Spiritually handsome in moments of uncertainty

Uncertainty.  How do we greet uncertain times?  For some uncertainty evokes humility.  For others it generates anxiety.  And yet others elect to exploit it.  You can tell a lot about a person by how she or he responds to uncertainty. 

As the coronavirus spreads, with more than 100,000 confirmed cases in over 80 countries, several things remain uncertain.  Are our precautions sufficient?  Do our bodies build immunity or can the infection recur?  Why have young children seemed less susceptible?   Knowing less feels unnerving. 

As capable people discover and design effective treatments, what beyond engaging in self-care can the rest of us do?  Pivot toward spiritual and moral handsomeness. 

In this week’s portion of Torah the garments of our holiest leaders are described.  Atop the forehead of the High Priest something called the tzitz was carefully positioned (Ex. 28:36).  Its inscription “Holy to God” was worn to radiate a particular kind of goodness that is dear to God.  In our times, garments are adorned with tzitzit to advance the very same aim.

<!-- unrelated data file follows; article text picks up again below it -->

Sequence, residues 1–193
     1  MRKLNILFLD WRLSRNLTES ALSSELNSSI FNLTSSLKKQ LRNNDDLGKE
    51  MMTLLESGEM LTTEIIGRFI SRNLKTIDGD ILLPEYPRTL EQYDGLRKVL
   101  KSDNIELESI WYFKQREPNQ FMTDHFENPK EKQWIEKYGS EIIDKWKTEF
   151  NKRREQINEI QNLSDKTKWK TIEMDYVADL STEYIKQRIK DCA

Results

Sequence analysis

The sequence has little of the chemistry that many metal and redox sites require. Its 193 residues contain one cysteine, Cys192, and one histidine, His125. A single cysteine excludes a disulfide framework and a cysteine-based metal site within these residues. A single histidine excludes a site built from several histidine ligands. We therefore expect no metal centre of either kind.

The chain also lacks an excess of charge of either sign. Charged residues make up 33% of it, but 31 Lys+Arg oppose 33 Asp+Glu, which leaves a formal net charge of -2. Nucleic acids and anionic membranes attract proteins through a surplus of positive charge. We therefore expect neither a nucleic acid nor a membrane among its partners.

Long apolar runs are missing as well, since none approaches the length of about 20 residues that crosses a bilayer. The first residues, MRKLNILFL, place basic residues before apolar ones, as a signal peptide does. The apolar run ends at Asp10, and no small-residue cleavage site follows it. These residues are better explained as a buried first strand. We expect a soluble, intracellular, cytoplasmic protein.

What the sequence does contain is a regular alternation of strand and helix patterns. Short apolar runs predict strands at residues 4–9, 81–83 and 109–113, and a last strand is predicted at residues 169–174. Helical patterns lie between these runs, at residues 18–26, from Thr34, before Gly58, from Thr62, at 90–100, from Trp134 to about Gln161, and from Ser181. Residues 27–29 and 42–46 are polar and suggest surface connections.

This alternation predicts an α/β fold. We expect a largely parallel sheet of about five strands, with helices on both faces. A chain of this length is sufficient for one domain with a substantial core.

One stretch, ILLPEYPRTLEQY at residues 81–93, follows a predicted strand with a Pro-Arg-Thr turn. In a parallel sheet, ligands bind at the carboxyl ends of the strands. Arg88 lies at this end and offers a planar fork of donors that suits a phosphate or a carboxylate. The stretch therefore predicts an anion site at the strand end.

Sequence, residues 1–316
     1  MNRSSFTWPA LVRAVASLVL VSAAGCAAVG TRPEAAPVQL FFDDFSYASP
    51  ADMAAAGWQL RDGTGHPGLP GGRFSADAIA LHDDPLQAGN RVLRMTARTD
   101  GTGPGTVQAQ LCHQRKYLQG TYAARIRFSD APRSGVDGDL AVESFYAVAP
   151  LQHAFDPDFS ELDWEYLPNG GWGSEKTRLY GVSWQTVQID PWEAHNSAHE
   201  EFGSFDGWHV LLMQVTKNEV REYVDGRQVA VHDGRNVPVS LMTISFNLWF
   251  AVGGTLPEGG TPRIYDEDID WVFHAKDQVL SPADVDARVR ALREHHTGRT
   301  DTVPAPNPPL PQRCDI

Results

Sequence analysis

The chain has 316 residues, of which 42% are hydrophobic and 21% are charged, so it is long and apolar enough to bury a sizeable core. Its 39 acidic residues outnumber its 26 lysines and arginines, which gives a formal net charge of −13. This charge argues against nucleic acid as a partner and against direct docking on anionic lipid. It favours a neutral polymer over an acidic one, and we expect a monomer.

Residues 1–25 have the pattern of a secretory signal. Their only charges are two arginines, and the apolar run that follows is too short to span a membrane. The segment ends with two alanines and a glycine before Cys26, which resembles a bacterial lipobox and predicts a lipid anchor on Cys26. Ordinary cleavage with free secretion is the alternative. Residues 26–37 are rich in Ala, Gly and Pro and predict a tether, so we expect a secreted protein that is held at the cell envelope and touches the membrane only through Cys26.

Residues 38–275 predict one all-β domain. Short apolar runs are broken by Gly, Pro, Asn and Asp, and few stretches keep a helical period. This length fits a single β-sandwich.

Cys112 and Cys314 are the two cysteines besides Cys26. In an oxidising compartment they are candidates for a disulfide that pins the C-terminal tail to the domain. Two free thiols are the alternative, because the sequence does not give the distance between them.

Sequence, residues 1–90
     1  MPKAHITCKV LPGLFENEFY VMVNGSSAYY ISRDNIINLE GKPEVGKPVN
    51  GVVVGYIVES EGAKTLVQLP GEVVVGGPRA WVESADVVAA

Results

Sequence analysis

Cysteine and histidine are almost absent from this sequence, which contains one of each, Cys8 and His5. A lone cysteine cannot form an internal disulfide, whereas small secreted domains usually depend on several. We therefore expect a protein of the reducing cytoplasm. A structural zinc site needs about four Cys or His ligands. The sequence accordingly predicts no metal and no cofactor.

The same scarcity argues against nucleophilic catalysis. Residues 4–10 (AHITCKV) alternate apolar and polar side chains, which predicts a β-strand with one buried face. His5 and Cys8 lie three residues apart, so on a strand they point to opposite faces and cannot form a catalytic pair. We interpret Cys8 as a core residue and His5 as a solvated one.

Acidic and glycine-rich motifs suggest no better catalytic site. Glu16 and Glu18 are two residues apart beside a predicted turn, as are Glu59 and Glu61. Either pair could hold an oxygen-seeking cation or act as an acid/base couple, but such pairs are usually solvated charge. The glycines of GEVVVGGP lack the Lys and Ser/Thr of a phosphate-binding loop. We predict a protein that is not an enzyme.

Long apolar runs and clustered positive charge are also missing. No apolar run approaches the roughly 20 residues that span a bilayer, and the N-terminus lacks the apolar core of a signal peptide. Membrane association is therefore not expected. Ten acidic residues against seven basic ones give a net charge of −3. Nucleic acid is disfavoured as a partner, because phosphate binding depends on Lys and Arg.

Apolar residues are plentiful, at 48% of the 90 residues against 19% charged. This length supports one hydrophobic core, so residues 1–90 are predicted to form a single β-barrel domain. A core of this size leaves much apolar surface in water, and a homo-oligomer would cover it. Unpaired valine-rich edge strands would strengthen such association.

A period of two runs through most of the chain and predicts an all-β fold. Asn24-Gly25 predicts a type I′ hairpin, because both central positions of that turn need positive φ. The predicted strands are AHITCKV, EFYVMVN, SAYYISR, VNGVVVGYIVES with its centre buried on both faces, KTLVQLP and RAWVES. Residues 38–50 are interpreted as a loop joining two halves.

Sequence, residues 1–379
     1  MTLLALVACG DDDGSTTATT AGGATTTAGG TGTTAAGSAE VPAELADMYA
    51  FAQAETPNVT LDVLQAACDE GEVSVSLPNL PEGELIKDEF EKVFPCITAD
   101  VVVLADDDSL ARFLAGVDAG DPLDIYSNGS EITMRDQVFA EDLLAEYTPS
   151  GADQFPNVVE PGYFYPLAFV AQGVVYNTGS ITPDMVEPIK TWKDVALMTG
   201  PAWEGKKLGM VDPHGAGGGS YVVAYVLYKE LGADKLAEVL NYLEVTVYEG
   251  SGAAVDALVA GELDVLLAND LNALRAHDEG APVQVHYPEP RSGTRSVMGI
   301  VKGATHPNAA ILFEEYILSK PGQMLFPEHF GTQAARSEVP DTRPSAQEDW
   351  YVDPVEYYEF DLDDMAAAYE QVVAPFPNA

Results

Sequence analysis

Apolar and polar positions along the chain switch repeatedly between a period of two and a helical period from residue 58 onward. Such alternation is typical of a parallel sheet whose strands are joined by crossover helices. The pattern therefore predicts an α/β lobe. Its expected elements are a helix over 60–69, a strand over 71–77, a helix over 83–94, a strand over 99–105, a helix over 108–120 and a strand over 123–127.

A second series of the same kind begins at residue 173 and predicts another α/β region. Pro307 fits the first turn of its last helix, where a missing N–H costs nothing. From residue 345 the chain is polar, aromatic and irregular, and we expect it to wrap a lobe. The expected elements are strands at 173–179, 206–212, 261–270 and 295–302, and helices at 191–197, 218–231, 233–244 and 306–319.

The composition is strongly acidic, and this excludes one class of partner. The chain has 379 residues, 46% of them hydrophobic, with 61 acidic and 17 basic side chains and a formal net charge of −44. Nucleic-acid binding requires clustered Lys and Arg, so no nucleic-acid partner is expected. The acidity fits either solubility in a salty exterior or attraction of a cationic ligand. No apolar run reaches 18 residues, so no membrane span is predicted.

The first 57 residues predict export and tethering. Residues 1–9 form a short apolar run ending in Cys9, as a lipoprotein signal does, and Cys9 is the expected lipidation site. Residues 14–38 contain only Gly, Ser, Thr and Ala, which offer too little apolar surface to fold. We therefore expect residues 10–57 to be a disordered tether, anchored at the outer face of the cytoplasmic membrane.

Like when we behold beauty, we are able to sense handsome conduct.  It nourishes growth, deepens joy, solaces grief, stirs hope, activates accountability, awakens empathy, and makes goodness glow. 

An inspiring example of a spiritually handsome response to loss blossoms (tzitz also means ‘blossom’) around the works and ways of the Shaer family who’s precious son Gil-ad was among three youths kidnapped and killed in Israel in the Summer of 2014.  Our community is proud to have a share in expanding the scope of a Purim-based custom of sharing sweetness with neighbors this coming week.

As human contact is regimented to contain an infectiousness virus, today’s unique moment of uncertainty invites a unique call to respond to our shared fragility.  We can avoid the abyss by reaching for the summit.  Spiritually handsome moments can hold much promise.  May each of us be keepers of that promise.

About the Author
Rabbi William Hamilton has served as rabbi (mara d'atra) of Kehillath Israel in Brookline, MA since 1995.
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